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  • Writer's pictureJoanne Jacobs

Everyone graduates? It’s ‘just a fantasy’

Oregon’s graduation rate rose to 74 percent in 2015, but 47 other states did better. Photo: Casey Parks/Oregonian 

 Six years ago, Oregon legislators set an ambitious goal for the state’s schools: By 2025, all students would graduate from high school, 40 percent would earn a bachelor’s degree and 40 percent would earn a two-year degree.

Now lawmakers are preparing to drop the education goals, “largely at the urging of the state’s teachers union,” reports Oregon Live.

“It is not realistic,” Rep. Paul Evans, D-Salem, a community college instructor and the primary sponsor of the bill to end the numeric goals, said . . .  Unless the state were to spend $1 billion more a year on education, a drive to get all young people to complete high schools and 80 percent to earn a college credential is just “a fantasy we tell ourselves,” he said. Other lawmakers, community colleges, the state’s higher education commission and Oregon businesses are pushing back, however. They say it’s essential that the state set measurable education goals and doing so has had a big impact on students.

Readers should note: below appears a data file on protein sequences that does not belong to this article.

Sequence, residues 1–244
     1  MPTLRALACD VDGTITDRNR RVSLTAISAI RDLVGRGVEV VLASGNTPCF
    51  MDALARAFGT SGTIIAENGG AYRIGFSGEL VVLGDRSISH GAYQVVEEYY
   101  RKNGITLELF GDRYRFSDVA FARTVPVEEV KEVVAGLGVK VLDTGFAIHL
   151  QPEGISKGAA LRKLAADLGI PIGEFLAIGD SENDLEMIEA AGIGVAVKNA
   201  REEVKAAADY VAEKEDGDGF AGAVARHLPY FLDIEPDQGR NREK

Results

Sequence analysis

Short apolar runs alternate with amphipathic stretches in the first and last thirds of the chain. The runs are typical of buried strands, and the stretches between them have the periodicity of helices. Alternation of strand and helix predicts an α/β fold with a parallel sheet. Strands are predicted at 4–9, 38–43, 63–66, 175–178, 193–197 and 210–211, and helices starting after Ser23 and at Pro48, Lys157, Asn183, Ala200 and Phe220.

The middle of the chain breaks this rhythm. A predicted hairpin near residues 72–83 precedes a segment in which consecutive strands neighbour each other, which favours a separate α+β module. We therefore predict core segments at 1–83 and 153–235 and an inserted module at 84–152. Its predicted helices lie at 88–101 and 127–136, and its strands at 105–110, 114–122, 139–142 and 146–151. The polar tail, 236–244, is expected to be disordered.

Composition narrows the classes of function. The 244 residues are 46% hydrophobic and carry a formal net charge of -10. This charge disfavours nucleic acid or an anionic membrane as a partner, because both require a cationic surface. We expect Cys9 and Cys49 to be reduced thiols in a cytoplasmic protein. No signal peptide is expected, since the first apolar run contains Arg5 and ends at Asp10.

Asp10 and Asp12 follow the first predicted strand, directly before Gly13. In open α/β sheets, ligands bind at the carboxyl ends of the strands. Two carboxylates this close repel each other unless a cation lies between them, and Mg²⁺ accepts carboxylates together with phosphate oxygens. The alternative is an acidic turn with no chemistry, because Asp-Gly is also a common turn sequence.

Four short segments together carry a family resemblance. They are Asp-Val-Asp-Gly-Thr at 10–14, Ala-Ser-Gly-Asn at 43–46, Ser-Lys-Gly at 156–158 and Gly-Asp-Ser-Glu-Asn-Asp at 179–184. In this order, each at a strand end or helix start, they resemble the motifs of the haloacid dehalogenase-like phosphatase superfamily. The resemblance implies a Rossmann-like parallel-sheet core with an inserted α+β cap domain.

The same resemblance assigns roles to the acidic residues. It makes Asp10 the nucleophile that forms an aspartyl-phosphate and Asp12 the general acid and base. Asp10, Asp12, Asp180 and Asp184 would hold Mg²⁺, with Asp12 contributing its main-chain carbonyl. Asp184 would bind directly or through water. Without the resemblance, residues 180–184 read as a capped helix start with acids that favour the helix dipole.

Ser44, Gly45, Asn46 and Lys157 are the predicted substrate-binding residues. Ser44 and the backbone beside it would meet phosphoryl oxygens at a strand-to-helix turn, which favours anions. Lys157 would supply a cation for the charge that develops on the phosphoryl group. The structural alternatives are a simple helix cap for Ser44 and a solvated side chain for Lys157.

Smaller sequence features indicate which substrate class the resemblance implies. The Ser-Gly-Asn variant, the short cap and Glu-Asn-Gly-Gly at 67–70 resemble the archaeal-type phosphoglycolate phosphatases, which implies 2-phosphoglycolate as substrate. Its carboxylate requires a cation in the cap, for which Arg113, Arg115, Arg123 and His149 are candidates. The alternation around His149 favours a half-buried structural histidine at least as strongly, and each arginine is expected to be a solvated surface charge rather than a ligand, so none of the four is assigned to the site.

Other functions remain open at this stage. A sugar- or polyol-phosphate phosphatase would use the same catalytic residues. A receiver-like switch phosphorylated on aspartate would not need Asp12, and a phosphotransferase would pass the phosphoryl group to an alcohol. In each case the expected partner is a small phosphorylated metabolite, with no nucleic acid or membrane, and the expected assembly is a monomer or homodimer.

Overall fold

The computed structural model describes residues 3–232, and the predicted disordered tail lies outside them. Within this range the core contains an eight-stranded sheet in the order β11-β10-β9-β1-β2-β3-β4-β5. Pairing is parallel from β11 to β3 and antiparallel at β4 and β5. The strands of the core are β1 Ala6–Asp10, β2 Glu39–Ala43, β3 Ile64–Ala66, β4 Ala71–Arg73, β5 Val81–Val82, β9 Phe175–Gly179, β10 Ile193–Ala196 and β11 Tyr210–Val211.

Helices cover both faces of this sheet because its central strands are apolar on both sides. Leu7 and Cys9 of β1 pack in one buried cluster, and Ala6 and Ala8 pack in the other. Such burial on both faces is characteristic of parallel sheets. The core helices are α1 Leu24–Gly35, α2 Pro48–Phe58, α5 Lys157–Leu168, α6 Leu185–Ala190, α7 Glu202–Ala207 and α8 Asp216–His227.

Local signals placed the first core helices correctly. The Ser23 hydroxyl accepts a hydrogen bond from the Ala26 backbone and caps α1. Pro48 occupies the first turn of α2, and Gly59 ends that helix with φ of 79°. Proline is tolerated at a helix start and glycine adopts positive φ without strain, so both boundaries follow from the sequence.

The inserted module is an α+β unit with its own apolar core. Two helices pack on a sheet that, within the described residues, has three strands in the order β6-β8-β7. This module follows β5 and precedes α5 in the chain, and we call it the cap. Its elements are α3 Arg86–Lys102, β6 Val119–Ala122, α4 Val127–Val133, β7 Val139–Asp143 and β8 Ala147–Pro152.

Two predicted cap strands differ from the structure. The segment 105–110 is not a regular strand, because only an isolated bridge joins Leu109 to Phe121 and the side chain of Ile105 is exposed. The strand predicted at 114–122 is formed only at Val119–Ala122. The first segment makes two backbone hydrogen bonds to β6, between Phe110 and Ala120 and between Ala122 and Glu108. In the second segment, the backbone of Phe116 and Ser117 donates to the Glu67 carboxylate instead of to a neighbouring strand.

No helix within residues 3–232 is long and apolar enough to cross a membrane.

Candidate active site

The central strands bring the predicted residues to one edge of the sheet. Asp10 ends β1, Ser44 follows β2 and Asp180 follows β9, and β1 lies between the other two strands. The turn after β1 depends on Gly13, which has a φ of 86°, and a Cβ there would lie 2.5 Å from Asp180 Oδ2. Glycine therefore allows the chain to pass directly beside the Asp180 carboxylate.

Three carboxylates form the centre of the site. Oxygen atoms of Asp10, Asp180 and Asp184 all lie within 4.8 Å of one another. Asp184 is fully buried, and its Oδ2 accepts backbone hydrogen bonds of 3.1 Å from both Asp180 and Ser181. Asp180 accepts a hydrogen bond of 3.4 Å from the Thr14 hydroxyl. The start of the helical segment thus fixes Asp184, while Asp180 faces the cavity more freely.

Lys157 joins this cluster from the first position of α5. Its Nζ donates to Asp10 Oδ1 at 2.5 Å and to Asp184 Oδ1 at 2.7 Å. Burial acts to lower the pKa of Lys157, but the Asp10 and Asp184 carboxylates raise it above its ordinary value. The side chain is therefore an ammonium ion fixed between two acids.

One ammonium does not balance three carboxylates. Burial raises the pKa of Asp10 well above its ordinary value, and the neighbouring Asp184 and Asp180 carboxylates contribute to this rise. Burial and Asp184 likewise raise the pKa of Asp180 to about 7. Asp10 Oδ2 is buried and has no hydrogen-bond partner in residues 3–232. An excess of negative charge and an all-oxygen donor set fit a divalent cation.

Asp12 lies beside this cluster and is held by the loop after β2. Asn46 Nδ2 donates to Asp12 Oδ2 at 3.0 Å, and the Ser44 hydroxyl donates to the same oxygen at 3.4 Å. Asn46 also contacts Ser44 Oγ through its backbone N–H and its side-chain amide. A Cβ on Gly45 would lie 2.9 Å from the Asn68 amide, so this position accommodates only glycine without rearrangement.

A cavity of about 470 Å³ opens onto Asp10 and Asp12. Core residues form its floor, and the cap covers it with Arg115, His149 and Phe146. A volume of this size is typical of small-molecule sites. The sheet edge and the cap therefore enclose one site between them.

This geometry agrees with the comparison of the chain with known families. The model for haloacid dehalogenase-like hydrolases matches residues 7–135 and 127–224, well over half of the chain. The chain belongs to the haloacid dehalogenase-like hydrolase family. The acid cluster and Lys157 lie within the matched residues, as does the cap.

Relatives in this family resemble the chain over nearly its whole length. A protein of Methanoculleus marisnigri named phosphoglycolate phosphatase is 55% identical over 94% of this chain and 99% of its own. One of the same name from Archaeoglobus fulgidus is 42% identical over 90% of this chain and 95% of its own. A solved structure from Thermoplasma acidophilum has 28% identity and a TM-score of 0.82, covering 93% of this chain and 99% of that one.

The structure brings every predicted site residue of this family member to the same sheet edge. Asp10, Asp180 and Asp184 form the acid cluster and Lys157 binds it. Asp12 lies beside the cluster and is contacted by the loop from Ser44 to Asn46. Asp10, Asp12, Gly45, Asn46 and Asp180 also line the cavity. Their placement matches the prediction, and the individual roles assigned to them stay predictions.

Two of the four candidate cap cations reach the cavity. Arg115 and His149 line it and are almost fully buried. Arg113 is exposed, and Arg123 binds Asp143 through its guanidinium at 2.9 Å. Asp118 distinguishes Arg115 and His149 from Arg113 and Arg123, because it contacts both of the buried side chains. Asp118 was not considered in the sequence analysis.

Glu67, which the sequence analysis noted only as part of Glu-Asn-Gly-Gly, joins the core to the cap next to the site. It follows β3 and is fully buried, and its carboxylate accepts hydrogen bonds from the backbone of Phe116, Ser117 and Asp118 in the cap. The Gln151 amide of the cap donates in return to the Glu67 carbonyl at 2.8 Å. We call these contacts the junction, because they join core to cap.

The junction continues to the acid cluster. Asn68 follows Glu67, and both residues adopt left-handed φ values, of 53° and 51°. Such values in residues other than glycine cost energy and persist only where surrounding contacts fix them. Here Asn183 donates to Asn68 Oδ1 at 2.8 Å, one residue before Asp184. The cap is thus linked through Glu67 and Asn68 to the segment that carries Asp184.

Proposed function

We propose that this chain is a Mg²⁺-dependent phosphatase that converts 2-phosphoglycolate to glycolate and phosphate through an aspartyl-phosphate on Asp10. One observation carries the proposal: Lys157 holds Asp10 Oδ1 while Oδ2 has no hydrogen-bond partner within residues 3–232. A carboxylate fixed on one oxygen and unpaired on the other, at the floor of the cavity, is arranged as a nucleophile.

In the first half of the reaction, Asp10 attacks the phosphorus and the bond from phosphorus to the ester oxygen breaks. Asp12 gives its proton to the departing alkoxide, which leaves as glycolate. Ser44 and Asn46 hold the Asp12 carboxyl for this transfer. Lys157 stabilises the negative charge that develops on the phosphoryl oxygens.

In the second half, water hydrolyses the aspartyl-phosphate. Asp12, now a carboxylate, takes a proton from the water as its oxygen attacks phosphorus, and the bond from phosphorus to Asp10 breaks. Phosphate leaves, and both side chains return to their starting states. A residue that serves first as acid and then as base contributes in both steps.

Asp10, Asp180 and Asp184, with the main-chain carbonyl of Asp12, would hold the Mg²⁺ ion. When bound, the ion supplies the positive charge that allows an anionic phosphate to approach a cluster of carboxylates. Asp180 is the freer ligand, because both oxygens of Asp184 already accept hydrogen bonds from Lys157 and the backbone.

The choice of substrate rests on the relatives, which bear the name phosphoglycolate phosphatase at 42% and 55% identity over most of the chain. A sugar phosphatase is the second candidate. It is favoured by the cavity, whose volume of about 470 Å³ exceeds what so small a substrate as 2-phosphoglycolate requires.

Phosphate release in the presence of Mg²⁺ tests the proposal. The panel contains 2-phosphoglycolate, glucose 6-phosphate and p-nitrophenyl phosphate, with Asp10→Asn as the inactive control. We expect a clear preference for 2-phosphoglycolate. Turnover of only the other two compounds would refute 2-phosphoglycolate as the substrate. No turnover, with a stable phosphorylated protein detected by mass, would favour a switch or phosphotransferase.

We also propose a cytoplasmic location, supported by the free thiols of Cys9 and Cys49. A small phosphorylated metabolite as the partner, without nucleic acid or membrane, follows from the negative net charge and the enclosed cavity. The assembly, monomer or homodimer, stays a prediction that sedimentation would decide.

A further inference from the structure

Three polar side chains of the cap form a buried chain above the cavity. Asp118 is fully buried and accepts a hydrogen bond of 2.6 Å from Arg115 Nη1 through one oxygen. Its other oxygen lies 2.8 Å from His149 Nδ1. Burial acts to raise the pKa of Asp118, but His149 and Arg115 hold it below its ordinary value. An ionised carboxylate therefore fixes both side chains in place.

The high school graduation rate, one of the lowest in the nation, has inched up and more students are enrolling in community colleges.

In Maryland, Republican Gov. Larry Hogan has threatened to veto a “horrible” bill that protects low-performing schools from state action, reports The American Prospect. The union-backed bill has passed the Democrat-controlled Legislature with a veto-proof majority.

(It) would cap standardized testing measures at 65 percent of a school’s accountability score. Thirty-five percent would be reserved for indicators like class size, absenteeism, and school climate. The bill also would prevent the state from using vouchers and charters as school turnaround interventions, bar the creation of a state-run school district, and require districts and the state to negotiate any school improvement plan with the local teachers union.
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